<PowerShellMetadata xmlns='http://schemas.microsoft.com/cmdlets-over-objects/2009/11'>
  <Class ClassName='ROOT\cimv2\Win32_NetworkAdapterConfiguration'>
    <Version>1.0</Version>
    <DefaultNoun>NetworkAdapterConfiguration</DefaultNoun>

    <InstanceCmdlets>
      <GetCmdletParameters DefaultCmdletParameterSet='DefaultSet'>
       
        <QueryableProperties>
           <Property PropertyName="DHCPEnabled">
            <Type PSType = "System.Boolean"/>
            <RegularQuery >
              <CmdletParameterMetadata PSName="DHCPEnabled" />
            </RegularQuery>
           </Property>
          
           <Property PropertyName="IPEnabled">
            <Type PSType = "System.Boolean"/>
            <RegularQuery >
              <CmdletParameterMetadata PSName="IPEnabled" />
            </RegularQuery>
           </Property>
       
        </QueryableProperties>
             
      </GetCmdletParameters>
    </InstanceCmdlets> 
  </Class>
</PowerShellMetadata>

LastLogoff timestamp

I was recently asked if there was any way to fill in the LastLogoff timestamp

 

The short answer is no.  The values in the attributes related to logons are maintained by Active Directory during the logon process.

 

I wouldn’t want them to be programmable as that as would create a potential loop hole in my logging process.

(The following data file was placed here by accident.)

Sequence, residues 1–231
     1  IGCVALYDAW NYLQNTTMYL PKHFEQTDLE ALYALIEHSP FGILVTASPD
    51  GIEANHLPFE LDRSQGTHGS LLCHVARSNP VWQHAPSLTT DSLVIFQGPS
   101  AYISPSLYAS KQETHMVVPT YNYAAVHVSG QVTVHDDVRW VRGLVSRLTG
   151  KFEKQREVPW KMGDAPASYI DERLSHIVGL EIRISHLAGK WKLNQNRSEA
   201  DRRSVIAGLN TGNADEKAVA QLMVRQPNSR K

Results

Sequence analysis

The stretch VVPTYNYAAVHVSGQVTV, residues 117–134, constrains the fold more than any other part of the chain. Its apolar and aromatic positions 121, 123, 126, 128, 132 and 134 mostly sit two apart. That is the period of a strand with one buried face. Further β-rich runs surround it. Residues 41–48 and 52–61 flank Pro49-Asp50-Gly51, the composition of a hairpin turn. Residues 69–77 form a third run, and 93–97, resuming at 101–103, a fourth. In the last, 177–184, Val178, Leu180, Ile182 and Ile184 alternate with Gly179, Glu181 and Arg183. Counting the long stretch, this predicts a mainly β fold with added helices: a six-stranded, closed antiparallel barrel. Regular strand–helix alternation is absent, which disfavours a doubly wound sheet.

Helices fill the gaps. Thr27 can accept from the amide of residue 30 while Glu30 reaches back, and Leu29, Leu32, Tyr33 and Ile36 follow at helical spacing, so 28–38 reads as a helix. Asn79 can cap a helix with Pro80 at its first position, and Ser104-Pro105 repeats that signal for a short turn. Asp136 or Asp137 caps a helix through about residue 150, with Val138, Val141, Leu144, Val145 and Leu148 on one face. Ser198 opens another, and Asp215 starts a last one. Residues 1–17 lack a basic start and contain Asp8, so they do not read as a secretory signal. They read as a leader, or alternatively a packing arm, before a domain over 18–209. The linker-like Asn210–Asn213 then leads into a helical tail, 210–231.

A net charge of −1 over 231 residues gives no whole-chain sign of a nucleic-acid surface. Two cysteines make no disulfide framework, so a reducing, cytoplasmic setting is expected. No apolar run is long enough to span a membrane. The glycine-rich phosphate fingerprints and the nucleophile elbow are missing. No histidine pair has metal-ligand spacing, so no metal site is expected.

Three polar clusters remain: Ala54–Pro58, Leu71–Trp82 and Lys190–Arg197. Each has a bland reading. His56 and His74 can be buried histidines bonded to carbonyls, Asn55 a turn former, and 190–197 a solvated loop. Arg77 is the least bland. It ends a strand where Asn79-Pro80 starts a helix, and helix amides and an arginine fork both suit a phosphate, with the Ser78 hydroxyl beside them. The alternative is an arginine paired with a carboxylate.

As far as I can tell LastLogoff isn’t currently used in Active Directory though if you have access to the Exchange cmdlets you could use Get-mailboxStatistics to discover logon and loggoff times to the mailbox which would be close

Scripting Games 2014–more information

More information is available on the Games:

Logon and operational information

http://powershell.org/wp/2013/12/21/important-scripting-games-login-and-operational-information/

Events and Event authors

http://powershell.org/wp/2013/12/21/2014-winter-scripting-games-the-event-authors/

Team Foundation Tips

http://powershell.org/wp/2013/12/19/2014-winter-scripting-games-team-formation-tips/

Games schedule

http://powershell.org/wp/2013/12/16/2014-winter-scripting-games-schedule/

Registration opens 2 January 2014 with a practice event starting on 6 January

Time to get the teams organized in between the Turkey and Mince Pies

Countdown to the Scripting Games–32 days and counting

The countdown to the Winter 2014 Scripting Games has started.

Officially starting at 1am (UTC or GMT) 19 January 2014 the following dates should be noted:

2 January 2014 – registration opens

6 January 2014 – a practice event becomes available

19 January 2014 – event 1 starts

26 January 2014 – event 2 starts

2 February 2014 – event 3 starts

9 February 2014 – event 4 starts

 

Each event lasts one (1) week

As explained previously the events are designed to be tackled by teams of 2-6 people.

Coaching will be available during the Games if teams would like to use it.

 

The judging and coaching teams are separate.

 

Details from http://powershell.org/wp/2013/12/16/2014-winter-scripting-games-schedule/